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Felon Infection: Care Instructions

Felon on pad of fingertip, with detail of inside finger showing infected areas of tissue


An infection of the pad of the finger is called a felon. The finger is made up of several small areas of tissue. Because of this, pus from an infection can build up with no place to go. Then the infection can spread deeper into the finger. Sometimes it can spread into the bone.

A finger infection can happen after a cut, a scrape, a puncture, or some other injury. Sometimes the cause isn't known.

Your finger may be painful and red. Mild finger infections may be treated with antibiotics alone. You also may soak your finger in warm water.

If the infection is deeper or there is a lot of pus, the doctor may open the area to drain the pus. This is sometimes done in an operating room.

Follow-up care is a key part of your treatment and safety. Be sure to make and go to all appointments, and call your doctor or nurse advice line (811 in most provinces and territories) if you are having problems. It's also a good idea to know your test results and keep a list of the medicines you take.

How can you care for yourself at home?

  • If your doctor prescribed antibiotics, take them as directed. Do not stop taking them just because you feel better. You need to take the full course of antibiotics.
  • Be safe with medicines. Read and follow all instructions on the label.
    • If the doctor gave you a prescription medicine for pain, take it as prescribed.
    • If you are not taking a prescription pain medicine, ask your doctor if you can take an over-the-counter medicine.
  • Prop up your hand on a pillow anytime you sit or lie down during the next 3 days. Try to keep the area above the level of your heart. This will help reduce swelling.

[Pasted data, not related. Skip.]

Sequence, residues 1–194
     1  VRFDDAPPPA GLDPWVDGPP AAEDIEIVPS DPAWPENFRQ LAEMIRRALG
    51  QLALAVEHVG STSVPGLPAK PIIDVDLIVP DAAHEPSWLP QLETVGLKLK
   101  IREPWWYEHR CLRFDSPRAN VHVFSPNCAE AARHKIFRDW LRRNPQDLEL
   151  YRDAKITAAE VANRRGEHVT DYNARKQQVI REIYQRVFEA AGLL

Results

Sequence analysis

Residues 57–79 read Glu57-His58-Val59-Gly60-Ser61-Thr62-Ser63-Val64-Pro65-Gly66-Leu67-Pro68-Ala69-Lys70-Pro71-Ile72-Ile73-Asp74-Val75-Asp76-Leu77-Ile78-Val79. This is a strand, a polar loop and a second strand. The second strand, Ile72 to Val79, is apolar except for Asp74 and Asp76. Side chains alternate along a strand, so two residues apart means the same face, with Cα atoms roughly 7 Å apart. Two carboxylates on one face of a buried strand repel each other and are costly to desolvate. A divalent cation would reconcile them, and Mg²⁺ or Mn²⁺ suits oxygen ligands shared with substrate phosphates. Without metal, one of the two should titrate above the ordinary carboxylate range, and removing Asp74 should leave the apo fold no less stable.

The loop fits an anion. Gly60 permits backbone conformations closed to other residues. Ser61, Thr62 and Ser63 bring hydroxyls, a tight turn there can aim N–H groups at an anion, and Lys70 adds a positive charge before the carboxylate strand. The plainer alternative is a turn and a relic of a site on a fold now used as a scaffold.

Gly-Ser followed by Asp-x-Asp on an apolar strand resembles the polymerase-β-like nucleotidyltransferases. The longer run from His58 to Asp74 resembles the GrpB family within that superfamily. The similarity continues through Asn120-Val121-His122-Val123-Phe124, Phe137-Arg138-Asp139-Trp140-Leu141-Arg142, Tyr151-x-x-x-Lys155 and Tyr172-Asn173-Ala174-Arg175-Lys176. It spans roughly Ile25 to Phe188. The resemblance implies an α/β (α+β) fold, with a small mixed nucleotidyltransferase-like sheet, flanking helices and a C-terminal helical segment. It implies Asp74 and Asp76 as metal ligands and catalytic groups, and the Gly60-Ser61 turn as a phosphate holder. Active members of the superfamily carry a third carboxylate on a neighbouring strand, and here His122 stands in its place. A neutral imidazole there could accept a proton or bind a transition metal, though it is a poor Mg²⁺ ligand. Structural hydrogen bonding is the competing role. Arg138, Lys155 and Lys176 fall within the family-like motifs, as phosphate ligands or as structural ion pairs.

• If your doctor told you how to care for your wound, follow your doctor's instructions. If you did not get instructions, follow this general advice:
    • Wash the area with clean water 2 times a day. Don't use hydrogen peroxide or alcohol, which can slow healing.
    • Cover with a non-stick bandage.
  • If the area was packed with gauze:
    • Go to your follow-up appointments to have the gauze changed or removed.
    • Your doctor may ask you to remove the gauze. If so, gently pull out all of the gauze when your doctor tells you to.

When should you call for help?

Call your doctor or nurse advice line now or seek immediate medical care if:

  • You have signs that the infection is getting worse, such as:
    • Increased pain, swelling, warmth, or redness.
    • Red streaks leading from the area.
    • Pus draining from the area.
    • A fever.

Watch closely for changes in your health, and be sure to contact your doctor or nurse advice line if:

  • You do not get better as expected.

Where can you learn more?

Go to

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Care instructions adapted under license by your healthcare professional. If you have questions about a medical condition or this instruction, always ask your healthcare professional. Healthwise, Incorporated disclaims any warranty or liability for your use of this information.